For starters, all of the above-mentioned stores offer all-day rental space and tables starting at ¥300 per person on weekdays. However, weekends and holidays are more popular so you can expect to pay closer to ¥3,000.
Another possibility is renting office space. Supenavi has all kinds spaces up for rent—some of which are specifically for tabletop and board games.
Board game cafes
Then there are the board game cafes. These are exactly what they sound like—though a few of them feel a lot like maid cafes. They tend to be a little expensive—typically around ¥1,500–¥3,000 per person, and usually come with a time limit. Board game cafes also do not normally allow you to bring your own games.
Probably the most famous board game cafe is Dear Spiele in Nakano. Their collection of games is considered to be pretty good and, like maid cafes, the staff dresses up in cute costumes so depending on how you feel about it may or may not be for you.
A karaoke room is also an option. There isn’t any rule that you have to sing when you’re in a booth. They almost always come with big tables and cozy couches, and food and drinks are just a call away. As long as your group is paying, the staff isn’t going to bat an eye that you’re all quietly sitting in a circle and wearing robes when they awkwardly drop off the beer and melon soda.
Community center meeting rooms
Finally, if you still can’t find a place to play, then it’s worth asking your local community center. Prices and terms will vary depending on your ward, but you can expect to pay about ¥1,000– per hour for a meeting room. Some community centers are by the hour, while some are not. It’s usually as simple as presenting your ID and reserving a room.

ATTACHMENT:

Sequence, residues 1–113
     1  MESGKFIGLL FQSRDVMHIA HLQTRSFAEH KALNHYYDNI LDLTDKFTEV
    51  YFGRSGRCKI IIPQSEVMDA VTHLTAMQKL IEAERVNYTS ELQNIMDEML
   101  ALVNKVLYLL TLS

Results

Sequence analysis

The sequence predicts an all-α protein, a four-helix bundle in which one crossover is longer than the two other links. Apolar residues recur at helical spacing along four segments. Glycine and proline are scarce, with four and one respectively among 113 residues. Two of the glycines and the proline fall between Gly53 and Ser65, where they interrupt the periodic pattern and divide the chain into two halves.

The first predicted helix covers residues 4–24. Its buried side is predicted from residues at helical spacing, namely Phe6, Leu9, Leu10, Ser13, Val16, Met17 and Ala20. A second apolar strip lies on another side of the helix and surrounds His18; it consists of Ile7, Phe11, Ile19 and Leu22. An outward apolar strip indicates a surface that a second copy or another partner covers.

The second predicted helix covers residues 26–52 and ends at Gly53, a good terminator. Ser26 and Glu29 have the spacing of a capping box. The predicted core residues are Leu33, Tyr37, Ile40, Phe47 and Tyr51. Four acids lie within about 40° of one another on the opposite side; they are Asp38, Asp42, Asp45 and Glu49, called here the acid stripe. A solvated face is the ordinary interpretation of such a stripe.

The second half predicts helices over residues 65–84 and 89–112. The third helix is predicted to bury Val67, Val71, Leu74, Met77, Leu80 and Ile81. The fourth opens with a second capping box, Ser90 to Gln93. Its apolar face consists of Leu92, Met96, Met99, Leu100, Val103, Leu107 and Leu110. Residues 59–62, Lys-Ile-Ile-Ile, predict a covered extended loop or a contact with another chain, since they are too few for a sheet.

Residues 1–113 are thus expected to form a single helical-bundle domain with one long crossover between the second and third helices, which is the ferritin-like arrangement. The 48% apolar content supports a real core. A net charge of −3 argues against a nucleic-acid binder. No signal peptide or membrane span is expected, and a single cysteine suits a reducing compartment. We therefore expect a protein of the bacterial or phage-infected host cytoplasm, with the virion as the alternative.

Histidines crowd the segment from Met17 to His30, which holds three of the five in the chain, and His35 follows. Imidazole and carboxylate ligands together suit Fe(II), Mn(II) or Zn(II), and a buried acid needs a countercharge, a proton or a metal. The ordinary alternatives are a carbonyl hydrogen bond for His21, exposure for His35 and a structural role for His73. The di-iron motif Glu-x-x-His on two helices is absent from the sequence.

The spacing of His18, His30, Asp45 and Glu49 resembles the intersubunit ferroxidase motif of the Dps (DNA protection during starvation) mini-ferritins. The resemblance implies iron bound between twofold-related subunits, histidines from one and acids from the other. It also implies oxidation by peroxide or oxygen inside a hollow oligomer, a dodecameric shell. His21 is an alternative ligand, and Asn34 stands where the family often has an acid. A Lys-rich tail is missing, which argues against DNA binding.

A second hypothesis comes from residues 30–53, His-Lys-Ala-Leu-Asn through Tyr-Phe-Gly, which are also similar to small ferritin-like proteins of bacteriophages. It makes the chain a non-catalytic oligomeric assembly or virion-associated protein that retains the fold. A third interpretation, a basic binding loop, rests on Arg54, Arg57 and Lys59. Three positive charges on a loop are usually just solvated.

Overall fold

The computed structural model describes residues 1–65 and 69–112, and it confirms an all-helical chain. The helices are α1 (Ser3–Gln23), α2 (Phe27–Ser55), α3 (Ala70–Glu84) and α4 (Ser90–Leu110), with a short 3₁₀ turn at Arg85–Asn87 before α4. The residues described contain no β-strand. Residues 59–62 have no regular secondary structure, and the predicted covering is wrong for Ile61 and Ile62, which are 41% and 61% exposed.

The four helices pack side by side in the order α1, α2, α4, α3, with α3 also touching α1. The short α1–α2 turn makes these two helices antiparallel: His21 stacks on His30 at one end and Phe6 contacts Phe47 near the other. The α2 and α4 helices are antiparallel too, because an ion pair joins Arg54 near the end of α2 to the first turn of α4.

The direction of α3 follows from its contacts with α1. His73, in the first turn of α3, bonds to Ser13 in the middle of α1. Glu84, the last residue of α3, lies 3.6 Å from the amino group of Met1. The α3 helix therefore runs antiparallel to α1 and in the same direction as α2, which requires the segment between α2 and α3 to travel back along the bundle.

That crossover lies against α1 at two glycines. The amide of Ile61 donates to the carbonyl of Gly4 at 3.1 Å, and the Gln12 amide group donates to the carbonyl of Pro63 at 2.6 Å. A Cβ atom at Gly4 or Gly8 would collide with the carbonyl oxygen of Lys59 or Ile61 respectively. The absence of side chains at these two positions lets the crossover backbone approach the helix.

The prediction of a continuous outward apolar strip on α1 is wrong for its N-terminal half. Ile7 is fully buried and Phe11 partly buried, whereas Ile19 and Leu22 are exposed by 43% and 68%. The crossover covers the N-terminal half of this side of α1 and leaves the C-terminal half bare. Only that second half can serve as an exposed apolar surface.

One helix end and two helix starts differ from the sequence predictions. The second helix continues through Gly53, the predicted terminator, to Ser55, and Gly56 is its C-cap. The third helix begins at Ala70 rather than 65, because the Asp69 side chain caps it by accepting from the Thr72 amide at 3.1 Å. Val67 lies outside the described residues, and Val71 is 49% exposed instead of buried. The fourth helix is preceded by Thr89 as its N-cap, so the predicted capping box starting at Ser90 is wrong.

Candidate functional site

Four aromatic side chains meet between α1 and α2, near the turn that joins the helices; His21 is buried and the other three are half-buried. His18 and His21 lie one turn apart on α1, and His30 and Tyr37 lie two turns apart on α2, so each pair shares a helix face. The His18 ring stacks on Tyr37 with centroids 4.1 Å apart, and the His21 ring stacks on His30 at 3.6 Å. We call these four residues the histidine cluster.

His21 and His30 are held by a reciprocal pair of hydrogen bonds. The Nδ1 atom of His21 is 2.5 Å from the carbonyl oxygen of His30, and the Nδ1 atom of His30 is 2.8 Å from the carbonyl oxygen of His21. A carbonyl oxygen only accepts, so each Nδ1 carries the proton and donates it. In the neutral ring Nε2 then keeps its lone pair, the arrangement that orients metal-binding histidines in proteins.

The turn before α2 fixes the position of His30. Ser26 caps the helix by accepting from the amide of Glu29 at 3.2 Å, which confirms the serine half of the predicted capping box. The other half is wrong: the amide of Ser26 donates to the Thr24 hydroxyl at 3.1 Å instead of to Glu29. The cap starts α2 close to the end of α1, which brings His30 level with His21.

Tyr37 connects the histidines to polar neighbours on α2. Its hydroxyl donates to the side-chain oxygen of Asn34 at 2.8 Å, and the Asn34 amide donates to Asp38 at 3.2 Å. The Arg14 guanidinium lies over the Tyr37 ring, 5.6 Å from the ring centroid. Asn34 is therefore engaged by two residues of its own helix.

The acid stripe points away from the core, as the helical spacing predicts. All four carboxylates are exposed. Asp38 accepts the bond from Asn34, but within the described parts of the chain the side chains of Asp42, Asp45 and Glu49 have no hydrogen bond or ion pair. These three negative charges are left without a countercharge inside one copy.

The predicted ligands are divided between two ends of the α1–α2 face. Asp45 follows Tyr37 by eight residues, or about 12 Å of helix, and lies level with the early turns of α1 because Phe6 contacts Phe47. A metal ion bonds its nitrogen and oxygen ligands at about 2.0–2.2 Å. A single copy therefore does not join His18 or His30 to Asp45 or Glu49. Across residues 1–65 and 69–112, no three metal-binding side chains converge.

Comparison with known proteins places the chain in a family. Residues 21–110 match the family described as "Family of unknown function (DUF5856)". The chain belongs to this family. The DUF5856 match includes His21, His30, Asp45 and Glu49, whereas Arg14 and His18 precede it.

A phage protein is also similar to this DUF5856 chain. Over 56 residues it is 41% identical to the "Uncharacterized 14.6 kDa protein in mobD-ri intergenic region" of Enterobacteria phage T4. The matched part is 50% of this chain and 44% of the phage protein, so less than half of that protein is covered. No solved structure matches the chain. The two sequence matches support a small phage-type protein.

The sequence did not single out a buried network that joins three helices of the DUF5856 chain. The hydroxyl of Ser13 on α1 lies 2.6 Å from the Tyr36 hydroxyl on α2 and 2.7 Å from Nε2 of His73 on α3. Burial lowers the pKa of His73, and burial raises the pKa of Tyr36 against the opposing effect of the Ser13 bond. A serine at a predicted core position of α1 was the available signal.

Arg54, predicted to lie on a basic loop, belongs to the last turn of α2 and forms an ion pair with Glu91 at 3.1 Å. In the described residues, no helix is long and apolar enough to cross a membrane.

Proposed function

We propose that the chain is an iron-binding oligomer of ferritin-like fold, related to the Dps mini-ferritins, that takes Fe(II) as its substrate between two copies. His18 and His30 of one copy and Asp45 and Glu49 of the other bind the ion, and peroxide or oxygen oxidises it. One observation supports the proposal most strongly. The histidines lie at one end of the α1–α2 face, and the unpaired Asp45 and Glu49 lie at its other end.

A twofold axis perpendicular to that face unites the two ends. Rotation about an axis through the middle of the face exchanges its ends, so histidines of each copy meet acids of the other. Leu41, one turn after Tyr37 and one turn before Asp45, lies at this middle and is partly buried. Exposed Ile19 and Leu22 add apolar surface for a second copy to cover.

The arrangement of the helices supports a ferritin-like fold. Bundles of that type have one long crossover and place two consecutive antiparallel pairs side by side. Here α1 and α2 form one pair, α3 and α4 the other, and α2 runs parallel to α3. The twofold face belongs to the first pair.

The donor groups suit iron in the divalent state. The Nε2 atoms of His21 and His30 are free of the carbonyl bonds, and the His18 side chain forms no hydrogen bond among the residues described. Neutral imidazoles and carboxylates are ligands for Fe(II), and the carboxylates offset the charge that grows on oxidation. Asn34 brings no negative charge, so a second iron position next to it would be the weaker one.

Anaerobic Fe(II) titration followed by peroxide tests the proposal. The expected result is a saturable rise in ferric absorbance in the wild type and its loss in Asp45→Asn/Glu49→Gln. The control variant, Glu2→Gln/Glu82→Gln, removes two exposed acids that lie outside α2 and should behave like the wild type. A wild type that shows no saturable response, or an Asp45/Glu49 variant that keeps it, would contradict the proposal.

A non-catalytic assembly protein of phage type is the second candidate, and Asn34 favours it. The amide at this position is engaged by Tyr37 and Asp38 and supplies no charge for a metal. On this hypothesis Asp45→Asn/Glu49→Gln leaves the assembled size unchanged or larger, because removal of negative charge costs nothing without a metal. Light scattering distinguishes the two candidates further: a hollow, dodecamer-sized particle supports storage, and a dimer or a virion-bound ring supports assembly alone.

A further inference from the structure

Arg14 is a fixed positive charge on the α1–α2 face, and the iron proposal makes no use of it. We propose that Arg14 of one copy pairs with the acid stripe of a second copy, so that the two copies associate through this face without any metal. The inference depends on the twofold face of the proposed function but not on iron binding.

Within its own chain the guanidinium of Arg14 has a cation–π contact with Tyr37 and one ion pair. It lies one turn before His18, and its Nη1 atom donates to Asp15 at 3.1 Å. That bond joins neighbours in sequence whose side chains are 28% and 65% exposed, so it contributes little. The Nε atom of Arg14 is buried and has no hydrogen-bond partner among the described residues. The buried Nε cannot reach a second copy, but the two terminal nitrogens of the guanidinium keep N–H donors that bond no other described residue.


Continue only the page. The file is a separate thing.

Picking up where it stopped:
Where to meet other players
Tokyo can be a lonely city. It’s completely understandable if you don’t already have a group of friends itching at the chance to storm Mordor with you for several hours. Thankfully, there are already established tabletop communities and ways to connect.
There are dozens of groups on Meetup. Some of them even offer language exchange. Whether you’re into card games, DnD, or Scrabble, you’re more than likely to find a group to play with.
There’s also always Reddit. Yes. I know. You will never find a more wretched hive of scum and villainy, but as long as you don’t take things too seriously, you might find a decent group of people on r/japanlife or r/tokyo. Reddit is also great because you get a glimpse of the kind of person you’ll be playing with. I was once invited to a tabletop session by someone on Reddit. Their offer was polite enough, but a little time looking at their post history revealed they were quite the a-hole.
Lastly, board game cafes like Jelly Jelly Cafe and the aforementioned Dear Spiele are almost always hosting events. It’s a great way to meet people and also brush up on your Japanese.
Video games more your thing? Check out our article on the Smash Bros community in Tokyo.
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Recommended hotels located nearby
Akihabara, Kanda, from ¥6,450
Ochanomizu, from ¥6,000
Kanda, from ¥1,500